COLUMBUS, Ohio (AP) — The man charged in the death of an Ohio police officer gave up his right to an initial court hearing, a prosecutor said Thursday, giving both sides more time to research the case, including whether the death penalty is appropriate.
The decision by Lincoln Rutledge means the state now has nearly two months before an indictment must be issued.
The extra time will allow Columbus police to complete their investigation and Rutledge’s attorneys to present evidence they believe argues against a death penalty, said Franklin County Prosecutor Ron O’Brien.
“Then we have the best information available to us in order to make that decision,” he said.
Ohio law includes killing a police officer as a factor that can lead to capital punishment.
In recent years, O’Brien, a Republican, has only sought the death penalty for cases he believed were strong enough that a jury would vote for death.
Rutledge, 44, was charged Thursday with a preliminary count of aggravated murder, on top of a previous charge of felonious assault filed after Sunday’s shooting of SWAT officer Steven Smith but before Smith died Tuesday.
A message was left with the public defender’s office representing the Rutledge. He’ll likely receive a new lawyer once an indictment is filed.
Thursday morning, dozens of police cruisers escorted Smith’s body from the Franklin County coroner’s office to a funeral home. Smith, 54, a 27-year veteran of the department, died Tuesday, two days after being shot.
Smith’s funeral is set for Monday at a Roman Catholic church in suburban Westerville.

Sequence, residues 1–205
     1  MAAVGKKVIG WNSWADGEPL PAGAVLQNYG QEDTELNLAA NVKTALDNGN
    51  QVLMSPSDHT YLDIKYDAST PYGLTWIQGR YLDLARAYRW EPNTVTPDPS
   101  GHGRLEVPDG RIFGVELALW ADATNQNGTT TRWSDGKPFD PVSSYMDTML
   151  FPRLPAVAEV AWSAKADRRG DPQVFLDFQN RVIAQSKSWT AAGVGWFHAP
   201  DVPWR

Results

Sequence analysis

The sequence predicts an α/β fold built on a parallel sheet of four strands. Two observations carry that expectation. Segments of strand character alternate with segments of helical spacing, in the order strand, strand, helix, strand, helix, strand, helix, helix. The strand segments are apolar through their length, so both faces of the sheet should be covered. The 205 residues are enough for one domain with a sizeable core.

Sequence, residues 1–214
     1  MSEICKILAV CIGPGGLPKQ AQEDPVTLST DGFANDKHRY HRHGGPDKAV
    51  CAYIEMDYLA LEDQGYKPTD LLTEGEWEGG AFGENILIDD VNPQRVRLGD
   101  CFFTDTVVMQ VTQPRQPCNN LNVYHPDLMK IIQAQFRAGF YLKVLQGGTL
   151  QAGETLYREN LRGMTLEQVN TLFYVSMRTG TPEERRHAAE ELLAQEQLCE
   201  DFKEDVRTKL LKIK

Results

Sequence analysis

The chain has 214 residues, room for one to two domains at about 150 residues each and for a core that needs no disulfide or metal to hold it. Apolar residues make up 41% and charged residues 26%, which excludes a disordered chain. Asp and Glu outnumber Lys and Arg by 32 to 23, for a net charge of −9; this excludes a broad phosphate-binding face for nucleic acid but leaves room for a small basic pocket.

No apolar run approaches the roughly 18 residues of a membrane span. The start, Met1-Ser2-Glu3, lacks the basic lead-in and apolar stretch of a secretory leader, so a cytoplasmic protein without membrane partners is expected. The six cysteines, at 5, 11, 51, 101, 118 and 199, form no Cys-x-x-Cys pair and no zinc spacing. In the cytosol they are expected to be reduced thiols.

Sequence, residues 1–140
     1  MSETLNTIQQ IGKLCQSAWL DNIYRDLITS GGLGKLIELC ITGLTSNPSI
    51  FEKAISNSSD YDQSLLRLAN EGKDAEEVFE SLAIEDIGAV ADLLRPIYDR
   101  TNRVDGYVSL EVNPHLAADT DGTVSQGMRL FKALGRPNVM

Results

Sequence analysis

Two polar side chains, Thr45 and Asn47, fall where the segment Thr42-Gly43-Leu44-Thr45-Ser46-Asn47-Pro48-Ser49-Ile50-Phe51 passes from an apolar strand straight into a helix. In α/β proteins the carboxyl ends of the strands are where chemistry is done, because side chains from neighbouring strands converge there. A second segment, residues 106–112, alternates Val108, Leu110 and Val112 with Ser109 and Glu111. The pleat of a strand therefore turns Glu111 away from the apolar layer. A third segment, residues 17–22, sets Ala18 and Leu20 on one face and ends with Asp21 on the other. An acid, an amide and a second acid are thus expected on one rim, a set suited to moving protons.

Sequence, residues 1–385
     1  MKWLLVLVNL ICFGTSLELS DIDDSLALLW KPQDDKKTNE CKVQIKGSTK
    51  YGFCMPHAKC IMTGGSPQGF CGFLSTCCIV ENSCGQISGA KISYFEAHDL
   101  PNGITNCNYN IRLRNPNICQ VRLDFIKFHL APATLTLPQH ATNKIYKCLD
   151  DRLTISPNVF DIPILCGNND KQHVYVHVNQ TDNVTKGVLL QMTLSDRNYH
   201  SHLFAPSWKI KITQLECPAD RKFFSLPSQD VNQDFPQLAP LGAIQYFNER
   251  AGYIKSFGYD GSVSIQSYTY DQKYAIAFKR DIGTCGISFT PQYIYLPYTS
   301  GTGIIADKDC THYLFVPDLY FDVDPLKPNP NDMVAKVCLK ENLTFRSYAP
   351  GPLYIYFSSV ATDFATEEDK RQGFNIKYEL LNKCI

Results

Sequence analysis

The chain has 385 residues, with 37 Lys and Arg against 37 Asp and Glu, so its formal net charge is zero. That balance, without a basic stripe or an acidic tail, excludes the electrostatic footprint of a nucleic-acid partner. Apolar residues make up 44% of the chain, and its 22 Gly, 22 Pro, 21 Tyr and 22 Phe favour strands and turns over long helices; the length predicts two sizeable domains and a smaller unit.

Columbus Mayor Andrew Ginther and other city officials stood at attention with their hands over their hearts as the procession went by City Hall.
Smith was an organ donor for eight people upon his death, according to the Franklin County coroner’s office and Columbus police chief Kim Jacobs.
“He lived to serve others, he was dedicated to that. He lived with passion,” Jacobs said. “There was an enthusiasm for life that everybody sensed in him and that will never be forgotten.”
Smith was shot in the head while inside a SWAT vehicle early Sunday outside Rutledge’s apartment in a neighborhood north of Ohio State’s campus. Officers were attempting to arrest Rutledge on an aggravated arson charge alleging he tried to set his estranged wife’s home on fire the day before.
Rutledge’s mental health is bound to be an issue in the case and would weigh heavily on a decision whether to seek the death penalty.
Rutledge told an Ohio State University co-worker last month he was not taking his medication, made a comment about “eating a Glock” and accused his co-worker of being a federal agent, according to a March 22 report from the OSU police department.
During the co-worker’s visit, “it became apparent that Rutledge may have been in the midst of a mental breakdown,” the report said.
On March 28, Rutledge’s wife told Columbus police he had been diagnosed with depression and “lately has been ‘increasingly detached from reality,'” according to a Columbus police report.
A Franklin County judge had ordered that Rutledge receive mental health treatment, the report said.
Ohio State said Rutledge, a computer network engineer, had not been at work since Feb. 1 when he requested and was granted a leave of absence. His access to buildings was revoked March 23 “when he began to behave erratically while on leave,” the university said.
Jacobs said community support has been overwhelming, including the man who pulled up to police headquarters, got out and played Taps.
“Steve didn’t hear it, but we did,” Jacobs said.
Andrew Welsh-Huggins can be reached on Twitter at https://twitter.com/awhcolumbus. His work can be found at http://bigstory.ap.org/content/andrew-welsh-huggins